Let The Drummers Speak: J-Zone & PVD

jzone-x-pvdPhoto Courtesy of Pat Van Dyke

Pat Van Dyke and Jay Mumford aka PVD and J-Zone respectively are two musicians that have paid their dues. Van Dyke, the tireless, work horse of a drummer, composer, band leader, mulit-instrumentalist playing many gigs while simultaneously composing music for multiple television shows at the same time, and J-Zone, author, writer, former rapper, producer, and now bad ass drummer (and multi-instrumentalist), both have played the circuit, seen their shares of wins and losses, and have come out as better players and well respected individuals in the industry. The two recently sat down to talk about music, projects, drum set ups, and anything else that was on their mind. We were there to capture it. Sit back, relax, and take in this candid conversation between two of the most creative players out there today.

Pat Van Dyke: I’m really digging this new Du-Rites record. How did you and Pablo Martin initially link up?

J-Zone: Appreciate it! Pablo has been my mastering engineer since my second album in 2000. We became friends over the years and around 2006 I discovered he played guitar and bass. Then, when I started playing drums in 2012, he was the first person to come through and jam with me, then get me out of learning classic breaks in my basement and actually got me playing with other people. It’s a whole different skill. I started playing in his bands, which are more rock oriented, and we had the idea to make a funk instrumental project on the side, which became The Du-Rites.

J-Zone: Did you start with school band and lessons or just playing to records at home?

Pat Van Dyke: Man, I started playing piano as a kid at around 5 years old. I started playing drums around the 4th grade in school band. I initially wanted to play the trumpet, but went for drums instead. I got a snare drum at first and used to set random stuff up next to it to play the role of a cymbal and just bang away. Eventually, my parents got me signed up for some private lessons with a local teacher. I got a drum set a few years later after saving up some money. A few months later, I got some cymbals and hardware. I definitely did my share of playing along with records over the years as well. Matter of fact, I had that same Pearl Export kit until I got real serious about playing jazz and went to school for it.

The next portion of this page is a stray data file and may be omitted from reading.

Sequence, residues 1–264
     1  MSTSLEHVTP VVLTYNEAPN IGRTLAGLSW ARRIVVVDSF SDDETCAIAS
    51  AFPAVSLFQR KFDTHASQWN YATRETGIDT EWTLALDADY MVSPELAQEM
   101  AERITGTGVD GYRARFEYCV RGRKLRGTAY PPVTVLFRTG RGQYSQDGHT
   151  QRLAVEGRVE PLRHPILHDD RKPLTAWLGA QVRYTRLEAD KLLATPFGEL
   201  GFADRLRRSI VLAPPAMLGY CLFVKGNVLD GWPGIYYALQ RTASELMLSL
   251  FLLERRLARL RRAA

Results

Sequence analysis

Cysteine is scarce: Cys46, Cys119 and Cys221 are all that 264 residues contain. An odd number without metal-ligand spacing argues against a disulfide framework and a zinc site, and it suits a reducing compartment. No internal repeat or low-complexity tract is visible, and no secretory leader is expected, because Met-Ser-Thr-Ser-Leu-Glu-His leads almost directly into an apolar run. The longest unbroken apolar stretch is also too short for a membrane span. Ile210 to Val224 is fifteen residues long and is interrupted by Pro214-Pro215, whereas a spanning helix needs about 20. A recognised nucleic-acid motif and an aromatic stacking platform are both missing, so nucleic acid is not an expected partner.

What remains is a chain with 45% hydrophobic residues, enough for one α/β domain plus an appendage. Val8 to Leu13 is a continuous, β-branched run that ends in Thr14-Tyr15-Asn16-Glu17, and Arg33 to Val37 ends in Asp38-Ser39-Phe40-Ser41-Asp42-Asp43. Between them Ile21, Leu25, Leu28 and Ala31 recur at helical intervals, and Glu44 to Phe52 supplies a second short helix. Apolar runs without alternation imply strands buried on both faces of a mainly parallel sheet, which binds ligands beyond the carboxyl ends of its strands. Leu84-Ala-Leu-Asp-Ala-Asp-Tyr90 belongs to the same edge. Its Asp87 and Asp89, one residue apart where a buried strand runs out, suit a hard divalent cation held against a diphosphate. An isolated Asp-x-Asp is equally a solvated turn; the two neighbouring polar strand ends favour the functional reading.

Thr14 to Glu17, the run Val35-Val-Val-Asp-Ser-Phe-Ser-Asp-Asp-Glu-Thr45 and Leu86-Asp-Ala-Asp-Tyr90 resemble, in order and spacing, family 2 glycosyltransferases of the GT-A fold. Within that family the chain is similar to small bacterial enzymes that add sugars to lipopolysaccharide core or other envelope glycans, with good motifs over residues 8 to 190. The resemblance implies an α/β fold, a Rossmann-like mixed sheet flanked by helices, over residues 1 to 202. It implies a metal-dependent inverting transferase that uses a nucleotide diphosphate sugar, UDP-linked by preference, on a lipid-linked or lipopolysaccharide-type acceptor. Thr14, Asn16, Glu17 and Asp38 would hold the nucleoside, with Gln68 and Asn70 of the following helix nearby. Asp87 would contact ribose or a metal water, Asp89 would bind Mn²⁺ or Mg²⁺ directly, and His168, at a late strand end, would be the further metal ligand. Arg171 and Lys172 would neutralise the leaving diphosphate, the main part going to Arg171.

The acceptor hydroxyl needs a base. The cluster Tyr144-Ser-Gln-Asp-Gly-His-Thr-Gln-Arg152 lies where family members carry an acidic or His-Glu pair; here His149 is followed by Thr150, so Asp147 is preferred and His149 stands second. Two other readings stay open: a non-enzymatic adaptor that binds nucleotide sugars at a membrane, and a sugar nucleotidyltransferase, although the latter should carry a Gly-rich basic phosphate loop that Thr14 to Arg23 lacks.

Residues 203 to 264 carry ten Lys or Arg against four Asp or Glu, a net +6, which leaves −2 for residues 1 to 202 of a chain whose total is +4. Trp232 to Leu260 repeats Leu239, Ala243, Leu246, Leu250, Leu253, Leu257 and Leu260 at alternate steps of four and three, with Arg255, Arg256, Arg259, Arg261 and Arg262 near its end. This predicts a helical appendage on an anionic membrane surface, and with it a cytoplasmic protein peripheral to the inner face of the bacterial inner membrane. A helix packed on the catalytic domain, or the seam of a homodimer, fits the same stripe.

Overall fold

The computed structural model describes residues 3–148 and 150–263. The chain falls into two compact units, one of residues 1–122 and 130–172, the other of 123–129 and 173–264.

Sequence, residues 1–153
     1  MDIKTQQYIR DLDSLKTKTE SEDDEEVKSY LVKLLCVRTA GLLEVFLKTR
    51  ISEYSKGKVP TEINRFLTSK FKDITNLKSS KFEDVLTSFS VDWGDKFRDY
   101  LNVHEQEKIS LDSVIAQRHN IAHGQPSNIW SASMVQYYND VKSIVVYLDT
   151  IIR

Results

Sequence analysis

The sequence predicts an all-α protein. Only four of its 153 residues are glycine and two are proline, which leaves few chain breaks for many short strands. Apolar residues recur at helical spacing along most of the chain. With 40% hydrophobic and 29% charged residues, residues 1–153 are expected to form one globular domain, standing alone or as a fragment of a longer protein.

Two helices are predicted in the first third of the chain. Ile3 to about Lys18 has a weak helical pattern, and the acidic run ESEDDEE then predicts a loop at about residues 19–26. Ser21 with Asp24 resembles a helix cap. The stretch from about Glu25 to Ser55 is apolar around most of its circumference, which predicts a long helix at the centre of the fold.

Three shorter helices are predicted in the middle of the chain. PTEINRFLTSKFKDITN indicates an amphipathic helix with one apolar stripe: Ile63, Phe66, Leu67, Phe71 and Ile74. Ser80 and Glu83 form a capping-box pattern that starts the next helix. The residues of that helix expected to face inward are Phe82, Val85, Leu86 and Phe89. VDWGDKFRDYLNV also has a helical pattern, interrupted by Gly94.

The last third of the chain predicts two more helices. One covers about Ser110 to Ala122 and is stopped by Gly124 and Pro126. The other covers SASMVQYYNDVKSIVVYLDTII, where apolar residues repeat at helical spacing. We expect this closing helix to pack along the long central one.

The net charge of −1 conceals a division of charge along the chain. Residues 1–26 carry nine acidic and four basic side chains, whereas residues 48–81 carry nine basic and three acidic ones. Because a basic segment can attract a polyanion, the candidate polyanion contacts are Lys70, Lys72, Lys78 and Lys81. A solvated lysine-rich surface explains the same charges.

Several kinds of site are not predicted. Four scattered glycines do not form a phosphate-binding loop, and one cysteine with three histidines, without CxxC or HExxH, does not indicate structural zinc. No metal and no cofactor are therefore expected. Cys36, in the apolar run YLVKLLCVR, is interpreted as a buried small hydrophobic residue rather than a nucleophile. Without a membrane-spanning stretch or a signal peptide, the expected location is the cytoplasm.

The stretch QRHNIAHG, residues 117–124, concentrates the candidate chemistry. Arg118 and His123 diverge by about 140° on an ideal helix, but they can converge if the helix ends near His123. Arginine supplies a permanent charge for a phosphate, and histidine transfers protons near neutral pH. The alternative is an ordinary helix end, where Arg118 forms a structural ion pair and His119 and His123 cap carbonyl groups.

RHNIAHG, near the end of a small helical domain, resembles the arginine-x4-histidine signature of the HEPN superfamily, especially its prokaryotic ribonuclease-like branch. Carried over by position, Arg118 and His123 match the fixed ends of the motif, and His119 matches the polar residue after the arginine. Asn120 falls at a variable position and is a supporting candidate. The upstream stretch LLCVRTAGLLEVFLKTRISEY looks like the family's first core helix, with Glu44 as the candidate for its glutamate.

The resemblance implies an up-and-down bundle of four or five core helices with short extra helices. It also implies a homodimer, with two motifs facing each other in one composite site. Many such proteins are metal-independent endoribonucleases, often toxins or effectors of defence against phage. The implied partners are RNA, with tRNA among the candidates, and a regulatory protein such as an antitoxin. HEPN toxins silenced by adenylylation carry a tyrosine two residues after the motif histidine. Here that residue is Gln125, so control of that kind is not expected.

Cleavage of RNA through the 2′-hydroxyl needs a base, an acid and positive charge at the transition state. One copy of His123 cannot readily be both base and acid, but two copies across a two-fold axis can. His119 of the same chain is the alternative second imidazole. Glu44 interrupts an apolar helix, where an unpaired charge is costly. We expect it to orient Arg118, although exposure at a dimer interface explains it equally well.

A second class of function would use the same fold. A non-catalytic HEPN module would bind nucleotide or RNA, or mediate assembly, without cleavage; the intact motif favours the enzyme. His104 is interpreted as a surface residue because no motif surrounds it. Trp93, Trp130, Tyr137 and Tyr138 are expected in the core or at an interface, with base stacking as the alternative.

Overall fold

Pat Van Dyke: I hear a real consistency in the drum sounds on Lunch Breaks, Backyard Breaks, Fish & Grits, and the new Du-Rites LP.

J-Zone: As far as drum sound, that was my goal – to have a distinct sound. Early Stax and Motown, Prestige, Blue Note and all the Rudy Van Gelder stuff – you knew what it was instantly.

Pat Van Dyke: Then I’d consider it a success. Who mixed the record?

J-Zone: Pablo and I mixed it together.

Pat Van Dyke: Are you tracking all of this in the studio that I saw in the Lunch Breaks promo?

J-Zone: Yeah, it’s the same studio, but I’ve tried 8-10 different kits and different mics and placements over the years. But because of the room, board, and my playing style, there’s a consistency even when the other tools are different.

Pat Van Dyke: If you don’t mind giving up this info: what’s your drum set / mic setup like?

J-Zone: I tune and mic the kit halfway between a funk and a jazz drummer. That way it sounds punchy but not too too dead. I’m not a hard hitter either, which has a lot to do with it. I always look at the kit as one instrument, so I’m not really gonna OD with 10 mics and be OCD about isolation. Bleed drives most engineers nuts, but I embrace it. How do you mic the set?